Christopher Nolan on J. Robert Oppenheimer and His Contradictions

For example, there’s a moment where James Remar, who played [Henry L. Stimson, Truman’s secretary of war], kept talking to me about how he learned that Stimson and his wife had honeymooned in Kyoto. And that was one of the reasons that Stimson took Kyoto off the list to be bombed.

I had him crossing the city off the list because of its cultural significance, but I’m like, just add that. It’s a fantastically exciting moment where no one in the room knows how to react.

How do you shoot with such a giant cast and so many locations?

Anytime you get into myriad locations, a lot of different actors, it’s always going to be a puzzle. I did insist on scheduling it around Cillian’s haircut. [Laughs] Because I’m very allergic to wigs in movies. I really wanted the film to not have any obvious artifice when it came to the way characters presented themselves.

One of the key moments that really hooked me on the story, which I referred to in my last movie, “Tenet” [2020], was this idea that when the scientists did their calculations, they couldn’t completely eliminate the possibility that they might set fire to the atmosphere and destroy the world. And they went ahead and pushed that button. But my feeling was, what if you could be in that room? What would that be like?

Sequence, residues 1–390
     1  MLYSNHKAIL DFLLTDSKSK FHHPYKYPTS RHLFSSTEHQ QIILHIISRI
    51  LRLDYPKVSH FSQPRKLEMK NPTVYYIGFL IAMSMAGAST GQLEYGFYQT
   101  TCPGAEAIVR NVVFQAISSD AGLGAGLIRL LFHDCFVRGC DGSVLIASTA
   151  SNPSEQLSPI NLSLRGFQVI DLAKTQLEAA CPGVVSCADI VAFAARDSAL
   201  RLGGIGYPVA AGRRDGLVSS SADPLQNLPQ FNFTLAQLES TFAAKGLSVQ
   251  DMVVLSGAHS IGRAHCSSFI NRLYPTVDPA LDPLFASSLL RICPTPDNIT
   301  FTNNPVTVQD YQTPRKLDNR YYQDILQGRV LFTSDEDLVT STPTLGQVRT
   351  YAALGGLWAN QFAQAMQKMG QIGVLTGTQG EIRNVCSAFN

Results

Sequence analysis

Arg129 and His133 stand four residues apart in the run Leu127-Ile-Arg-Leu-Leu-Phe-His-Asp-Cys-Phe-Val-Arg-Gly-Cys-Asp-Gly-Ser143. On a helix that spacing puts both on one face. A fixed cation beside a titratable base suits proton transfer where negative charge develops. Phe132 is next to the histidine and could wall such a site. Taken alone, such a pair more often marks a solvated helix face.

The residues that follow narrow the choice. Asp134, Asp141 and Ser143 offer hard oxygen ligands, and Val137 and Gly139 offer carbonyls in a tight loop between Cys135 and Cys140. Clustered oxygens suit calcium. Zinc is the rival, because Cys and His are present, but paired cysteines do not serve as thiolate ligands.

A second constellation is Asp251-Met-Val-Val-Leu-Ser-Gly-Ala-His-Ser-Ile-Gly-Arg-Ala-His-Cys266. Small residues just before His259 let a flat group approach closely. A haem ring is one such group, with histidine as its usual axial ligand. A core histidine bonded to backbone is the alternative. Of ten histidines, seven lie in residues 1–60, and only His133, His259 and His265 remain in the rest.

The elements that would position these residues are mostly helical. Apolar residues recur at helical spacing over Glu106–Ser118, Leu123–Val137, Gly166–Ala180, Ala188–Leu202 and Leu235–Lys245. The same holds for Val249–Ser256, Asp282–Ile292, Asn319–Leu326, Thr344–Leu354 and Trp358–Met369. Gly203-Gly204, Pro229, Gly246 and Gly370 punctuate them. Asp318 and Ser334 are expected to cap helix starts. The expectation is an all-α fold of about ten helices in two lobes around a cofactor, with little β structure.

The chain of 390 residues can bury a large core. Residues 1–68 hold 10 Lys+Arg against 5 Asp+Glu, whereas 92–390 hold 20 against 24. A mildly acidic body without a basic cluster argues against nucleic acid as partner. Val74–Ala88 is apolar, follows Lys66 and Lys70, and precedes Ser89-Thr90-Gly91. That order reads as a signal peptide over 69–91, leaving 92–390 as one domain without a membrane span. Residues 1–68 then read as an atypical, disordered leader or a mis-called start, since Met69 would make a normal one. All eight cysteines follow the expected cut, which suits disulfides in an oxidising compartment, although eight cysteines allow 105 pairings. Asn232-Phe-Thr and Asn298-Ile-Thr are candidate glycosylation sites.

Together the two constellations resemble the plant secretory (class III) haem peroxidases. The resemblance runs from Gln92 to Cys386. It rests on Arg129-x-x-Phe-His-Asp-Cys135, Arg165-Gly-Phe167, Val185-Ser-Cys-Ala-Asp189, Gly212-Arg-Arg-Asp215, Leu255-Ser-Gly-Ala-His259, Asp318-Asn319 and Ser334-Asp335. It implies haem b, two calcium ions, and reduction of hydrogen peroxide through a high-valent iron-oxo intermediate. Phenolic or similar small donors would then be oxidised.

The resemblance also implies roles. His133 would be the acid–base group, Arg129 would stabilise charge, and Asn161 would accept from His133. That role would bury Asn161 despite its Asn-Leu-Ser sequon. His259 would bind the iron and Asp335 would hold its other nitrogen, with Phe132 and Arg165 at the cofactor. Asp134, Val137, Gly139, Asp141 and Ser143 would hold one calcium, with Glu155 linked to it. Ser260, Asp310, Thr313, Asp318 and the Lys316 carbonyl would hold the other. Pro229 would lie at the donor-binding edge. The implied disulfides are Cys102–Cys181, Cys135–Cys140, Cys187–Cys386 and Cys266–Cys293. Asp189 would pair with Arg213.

How do they feel about that? You can minimize that and say they thought it was a tiny possibility. But having done a lot of giant explosions on film sets myself, where safety is the absolute most important thing, the tension around those ignitions is unbelievable. It’s very hard for the special effects guys to quantify to us exactly how it’ll sound, exactly how it’ll look. So as that countdown comes, it’s incredibly tense, and extrapolating that to the Manhattan Project, to the Trinity test, I couldn’t even imagine. I was excited to try to give the audience a feel of that, to live in that room.

In this case, it worked and the world survived. Who did that calculation?

It came from Teller. One of the few things I’ve changed is it wasn’t Einstein who Oppenheimer went to consult about it, it was Arthur Compton who directed an outpost of the Manhattan Project at the University of Chicago. But I shifted that to Einstein.